Peredelkino Writers' Village
History
Peredelkino, the legendary writers' colony, was set up outside Moscow in the 1930s and became an epicentre of literature in the Soviet days. Some of the most prominent writers of the 20th century lived and worked here. At one time or another Peredelkino became home to Boris Pasternak, Korney Chukovsky, Isaac Babel, Konstantin Paustovsky, Leonid Leonov, Bulat Okudzhava, Yevgeny Yevtushenko, Bella Akhmadulina and many others.
However, the place itself had been rooted in a literary tradition long before it became known as the writers' village. Before the Soviet days, there was Izmalkovo, an aristocratic country estate closely associated with a family that was once well-known in Russia — The Samarins. By the beginning of the sixteenth century the Samarins had achieved high rank among the gentry. Ismalkovo estate was sold to the Samarin family in 1830, who extended and developed the house over several generations.

It became home to Yuri Samarin, a prominent Russian philosopher, a member of the Slavophile circle and a prolific political writer. His writings on the Russian state are of particular interest since he was much involved in the reform process of the late 1850s serving as a member of the commission that worked on eliminating serfdom. It was then the traditions and cultural code of Izmalkovo were first established. The place became closely associated with philosophy, historical research, new educational practices, and art.

Ismalkovo stayed with the Samarin family until the Russian Revolution of 1917 and the collapse of the Russian Empire. The Samarins were evicted from the house in 1923; some of them were subjected to repressions. Ismalkovo then became a tuberculosis colony for children until the 2000s, when the house was abandoned and fell into decay. The estate is currently closed for restoration works.

Yuri Samarin
In the twentieth century the grounds of Izmalkovo were chosen for the first Soviet creative residency. It is believed that writer and Soviet icon Maxim Gorky, the first chairman of the Literary Fund, suggested to Stalin that a dacha settlement be built at the village of Peredelkino. The houses were distributed on a rental basis so that the privilege could be withdrawn any time the tenant fell into disgrace.

Many of the first residents became victims of political repressions. Peredelkino was the last address of Isaac Babel, Vladimir Zazubrin, Artyom Vesyoly, Bruno Jasieński, Lev Kamenev, among others. Kamenev's house became the first Dom Tvorchestva.
Despite the fearful circumstances under which many Soviet writers worked, Peredelkino became a village for Soviet literary inspiration. It was in Peredelkino that Pasternak created an eponymous volume of poems, which he considered the best he had ever written. It is at his home in Peredelkino Pasternak worked on his magnum opus, Doctor Zhivago. It was here that Pasternak learned the news that he had been awarded the Nobel Prize for 'his important achievement in contemporary lyrical poetry and in the field of the great Russian epic tradition'. Here he had to decline the award.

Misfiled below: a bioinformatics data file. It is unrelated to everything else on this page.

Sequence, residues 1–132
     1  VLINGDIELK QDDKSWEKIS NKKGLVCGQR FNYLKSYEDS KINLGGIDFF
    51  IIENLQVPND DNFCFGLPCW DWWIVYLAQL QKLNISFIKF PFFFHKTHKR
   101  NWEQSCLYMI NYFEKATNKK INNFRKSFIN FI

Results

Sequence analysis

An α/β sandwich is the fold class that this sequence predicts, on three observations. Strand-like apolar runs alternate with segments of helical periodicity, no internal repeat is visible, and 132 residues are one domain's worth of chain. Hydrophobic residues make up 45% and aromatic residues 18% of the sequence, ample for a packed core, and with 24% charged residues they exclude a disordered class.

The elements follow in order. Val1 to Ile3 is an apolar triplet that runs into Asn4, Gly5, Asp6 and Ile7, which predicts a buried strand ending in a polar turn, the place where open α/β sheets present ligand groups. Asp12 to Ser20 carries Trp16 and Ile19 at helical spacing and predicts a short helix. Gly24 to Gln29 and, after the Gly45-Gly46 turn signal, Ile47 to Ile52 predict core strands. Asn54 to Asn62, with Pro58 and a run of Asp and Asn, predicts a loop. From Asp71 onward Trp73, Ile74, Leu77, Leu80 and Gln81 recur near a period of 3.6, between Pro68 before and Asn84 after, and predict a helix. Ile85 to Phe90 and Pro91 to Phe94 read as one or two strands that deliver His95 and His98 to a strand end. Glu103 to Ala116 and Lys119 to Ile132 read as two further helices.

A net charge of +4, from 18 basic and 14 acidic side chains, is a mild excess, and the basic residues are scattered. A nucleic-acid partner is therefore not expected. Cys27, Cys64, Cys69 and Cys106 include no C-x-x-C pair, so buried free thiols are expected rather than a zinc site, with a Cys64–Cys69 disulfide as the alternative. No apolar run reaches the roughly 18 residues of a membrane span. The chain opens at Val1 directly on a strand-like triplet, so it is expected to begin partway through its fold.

The post-Stalin 'thaw era' in
the early 1960s was the era
of artistic freedom.
At that time poets
Robert Rozhdestvensky,
Yevgeny Yevtushenko,
Andrey Voznesensky,
Bella Akhmadulina,
semi-dissident bard
Bulat OKudzhava moved to Peredelkino.
Peredelkino was home to Korney Chukovsky, a defender of Boris Pasternak and Anna Akhmatova, translator, and a prolific literary critic. It was here Korney Chukovsky built and stocked a children's library near his dacha to promote reading and encourage a love of poetry in kids. In 1994, Chukovsky's house was turned into a small museum in his name.

Peredelkino Dom Tvorchestva
Dom Tvorchestva, as we know it today, was built in 1955 to provide undisturbed time and space for literary writers to focus on their work. From then on Dom Tvorchestva served as a literary residency and each candidate had to be approved by the Literary Fund. Even though it was hard to get into the residency, many Russian writers, poets, screenwriters and translators of the XX century worked here. Arseniy Tarkovsky, a prominent Soviet poet and father to film director Andrei Tarkovsky, lived in Dom Tvorchestva almost all his life.


After the collapse of the Soviet Union the building fell into decay. Several years ago Dom Tvorchestva opened its doors again. The building was meticulously restored with original interiors, the famous staircase in the foyer, and the library. Today, Dom Tvorchestva is a space where creative practitioners can get draw inspiration, release their imaginative potential, and establish meaningful connections with one another.


Before and After
Dom Tvorchestva as it was on 24 July 2020
and several weeks after

Made on
Tilda